How to Engage Your Market, Connect with Customers, and Create Products that Grow Your Business Now. In every market, there is room for smart organizations to seize market share and improve profits by providing a product or service or communications initiative at speed. Real-time marketing and public relations is when organizations respond to events as they occur. It's when companies develop (or refine) products or services instantly, based on feedback from customers or events in the marketplace. And it's when businesses see an opportunity and are the first to act on it.
by Adam Lavelle
Many marketers have still been stuck with the contradiction of taking the time to set a strategy in place, while knowing that everything might be changing around them. We’re left with a simple question, but a huge challenge: can you develop a marketing strategy that prepares you for the chaos and unpredictability of the real-time net?
Specifically, we will answer five questions: 1. Does traditional strategic planning work in a ‘now’ marketing world? 2. If you take time to plan, but act in the moment, does it actually work? 3. Can you do agile marketing planning? 4. What are the specific things you need to not screw up your ‘live marketing’? 5. How do you comfort execs who fear that you’ll wing it and mess up?
We will describe the problem that strategists and design thinkers face in trying to rapidly develop marketing plans and strategies, in hopes that they are not instantly outdated upon completion. We’ll look at the problem of having strategies that don’t provide the needed direction to those people who are doing ‘live’ marketing. We’ll review a number of possible new methods for developing ‘real-time ready’ marketing plans. We’ll look at modern methods for gathering insights, and we’ll learn the required elements of a marketing playbook, and how to get them.
Finally, we’ll look at specific examples from around the net – of how brands and start-ups are applying these methods to make their brand come to life, and thrive in real-time environments.
With the growing popularity of location-based services, many retailers are unsure how to implement location in a meaningful way. Some restaurants and bars have found success in specials for check-ins with discounts and free offers, but many retail stores are still struggling to figure out how location can play an integral role in their marketing and loyalty programs.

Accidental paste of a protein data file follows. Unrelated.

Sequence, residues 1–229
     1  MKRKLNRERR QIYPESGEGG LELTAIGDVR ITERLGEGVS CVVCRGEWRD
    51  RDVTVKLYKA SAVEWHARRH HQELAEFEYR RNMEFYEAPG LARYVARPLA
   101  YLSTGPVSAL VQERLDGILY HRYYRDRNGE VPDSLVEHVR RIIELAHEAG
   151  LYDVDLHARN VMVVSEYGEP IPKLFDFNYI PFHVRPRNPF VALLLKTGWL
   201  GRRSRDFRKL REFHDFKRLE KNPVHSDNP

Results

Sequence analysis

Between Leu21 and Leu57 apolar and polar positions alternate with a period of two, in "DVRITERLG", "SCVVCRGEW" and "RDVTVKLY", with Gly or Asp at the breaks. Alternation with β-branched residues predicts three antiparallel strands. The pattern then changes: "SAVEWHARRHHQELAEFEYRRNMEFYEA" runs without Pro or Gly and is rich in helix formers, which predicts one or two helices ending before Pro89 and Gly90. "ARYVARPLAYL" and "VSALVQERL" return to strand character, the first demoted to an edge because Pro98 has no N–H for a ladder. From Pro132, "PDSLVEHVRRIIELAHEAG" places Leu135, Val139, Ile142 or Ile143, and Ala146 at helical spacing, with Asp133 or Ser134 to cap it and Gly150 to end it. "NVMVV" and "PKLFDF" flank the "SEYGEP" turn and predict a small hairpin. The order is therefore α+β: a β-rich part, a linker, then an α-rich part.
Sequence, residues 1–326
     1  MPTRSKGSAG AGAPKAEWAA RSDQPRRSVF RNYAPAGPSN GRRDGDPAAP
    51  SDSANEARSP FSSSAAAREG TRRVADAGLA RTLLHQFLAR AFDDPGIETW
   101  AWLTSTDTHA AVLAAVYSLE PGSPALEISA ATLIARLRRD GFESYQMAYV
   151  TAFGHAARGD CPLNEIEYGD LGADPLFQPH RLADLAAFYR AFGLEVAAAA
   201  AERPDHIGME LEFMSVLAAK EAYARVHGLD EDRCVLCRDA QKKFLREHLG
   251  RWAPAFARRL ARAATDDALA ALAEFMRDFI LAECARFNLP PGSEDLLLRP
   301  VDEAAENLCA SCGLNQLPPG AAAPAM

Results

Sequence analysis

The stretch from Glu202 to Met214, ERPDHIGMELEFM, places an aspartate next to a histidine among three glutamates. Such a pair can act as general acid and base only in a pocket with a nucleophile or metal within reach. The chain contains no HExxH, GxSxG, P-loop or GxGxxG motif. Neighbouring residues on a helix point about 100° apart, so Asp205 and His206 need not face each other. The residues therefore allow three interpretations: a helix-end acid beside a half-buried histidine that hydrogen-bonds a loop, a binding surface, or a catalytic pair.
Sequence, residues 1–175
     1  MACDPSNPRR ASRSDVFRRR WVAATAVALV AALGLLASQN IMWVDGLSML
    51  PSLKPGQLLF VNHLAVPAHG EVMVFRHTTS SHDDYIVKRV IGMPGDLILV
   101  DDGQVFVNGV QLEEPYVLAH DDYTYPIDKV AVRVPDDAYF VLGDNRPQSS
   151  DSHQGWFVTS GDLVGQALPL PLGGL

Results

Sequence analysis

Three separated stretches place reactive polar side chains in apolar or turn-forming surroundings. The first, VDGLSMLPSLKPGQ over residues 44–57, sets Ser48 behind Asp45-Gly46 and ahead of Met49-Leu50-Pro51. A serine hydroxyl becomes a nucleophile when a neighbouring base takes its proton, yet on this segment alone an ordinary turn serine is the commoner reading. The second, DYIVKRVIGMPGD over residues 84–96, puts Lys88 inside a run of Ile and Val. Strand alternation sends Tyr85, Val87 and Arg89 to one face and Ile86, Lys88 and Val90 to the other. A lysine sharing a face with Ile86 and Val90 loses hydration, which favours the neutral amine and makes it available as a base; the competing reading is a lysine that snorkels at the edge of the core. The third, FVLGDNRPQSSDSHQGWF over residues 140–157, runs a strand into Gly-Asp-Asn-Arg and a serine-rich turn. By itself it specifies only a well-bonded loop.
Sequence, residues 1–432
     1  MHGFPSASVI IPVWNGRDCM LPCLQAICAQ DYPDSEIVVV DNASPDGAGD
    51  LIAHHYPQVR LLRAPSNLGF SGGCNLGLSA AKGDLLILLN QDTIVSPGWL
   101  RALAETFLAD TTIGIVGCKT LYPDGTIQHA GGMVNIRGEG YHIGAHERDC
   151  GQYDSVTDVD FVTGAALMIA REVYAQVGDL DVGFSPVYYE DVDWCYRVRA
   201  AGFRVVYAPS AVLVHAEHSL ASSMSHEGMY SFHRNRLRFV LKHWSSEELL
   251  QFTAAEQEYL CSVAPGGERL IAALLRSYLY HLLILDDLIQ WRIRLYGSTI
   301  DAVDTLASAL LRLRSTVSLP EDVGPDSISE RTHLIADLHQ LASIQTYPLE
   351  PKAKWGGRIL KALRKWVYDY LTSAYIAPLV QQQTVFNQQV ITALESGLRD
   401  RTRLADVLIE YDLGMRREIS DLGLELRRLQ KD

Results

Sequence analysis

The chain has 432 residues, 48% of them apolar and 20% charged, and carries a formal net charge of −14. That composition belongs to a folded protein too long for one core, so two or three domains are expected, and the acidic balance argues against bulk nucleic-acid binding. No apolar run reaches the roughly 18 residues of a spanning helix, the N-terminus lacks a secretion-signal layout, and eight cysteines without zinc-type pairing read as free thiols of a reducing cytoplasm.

In this panel, you will hear success stories from Murphy USA Gas Stations on their use of location to increase customer engagement, loyalty, and online buzz. Which special offers work, and how can you implement them in ways that actually work at the register? How are location-based services like Whrrl adapting to provide great offers to users and value to retailers? And how can retailers profit off of "check-ins" at their locations through vendors and suppliers paying to market at their locations?
by Vanessa Montes
Foursquare, Facebook, Twitter, Gowalla – when it comes to working with these Social Networking platforms, agencies and brands can often be made to feel as though they’re waiting in line at the hottest club in town with no guarantee of getting in, while the VIPs easily glide by the bouncer. For example, Foursquare reportedly gets upwards of 700 inbound e-mail requests per week – which can make you feel like your agency or brand is on the outside looking in. Well that’s no excuse for not doing something revolutionary.
This session will examine how APIs are revolutionizing the marketing and advertising landscapes, and unveil the “secret sauce” of how your brand or agency can bypass the bottleneck at the front door, avoid major spending commitments, and successfully leverage the power of these platforms in ways you’ve never dreamed of.
Panelists will share their insights across a spectrum of the most popular location-based and social media platforms, the challenges in working with them, and unveil the secrets of how to engage your customers by exploiting the open APIs of these platforms -- without ever working directly with them or even getting them on the phone.
In architecture and design, form traditionally follows function, but we need to stop pretending that you can build a room without thinking about what you’re going to put inside it. The company website as a singular destination is being rendered obsolete by an avalanche of 5-star scale ratings. The 30-second spot is the proverbial dead horse of the branding/advertising world. How can we as designers and technologists embrace this blurring of the line between physical and virtual? Why can’t form and function evolve together, informing and mutating each other along the way?
How do consumers engage with your brand when the smart-phone goes in their pocket? How can we reinvigorate the digital age through actual physical interaction? What kind of team do you need to do it? Explore the power and promise of interactive branding in the built environment.
Hornall Anderson’s Chief Experience Officer Jamie Monberg will talk about successes and lessons learned integrating digital interactive into environmental experiences for clients like The Empire State Building, The Willis (formerly Sears) Tower, The Space Needle, and Microsoft.
Crazy parties, bobble head swag, content audited by human beings: None of these things are scalable, but they can make a huge impact on the feelings and affinity people have towards a particular company.
This panel will discuss marketing strategies that helped some of the best companies build a true personality around their brands. These types of campaigns might not be scalable, but that's O.K. because we end up loving them.
11th–15th March 2011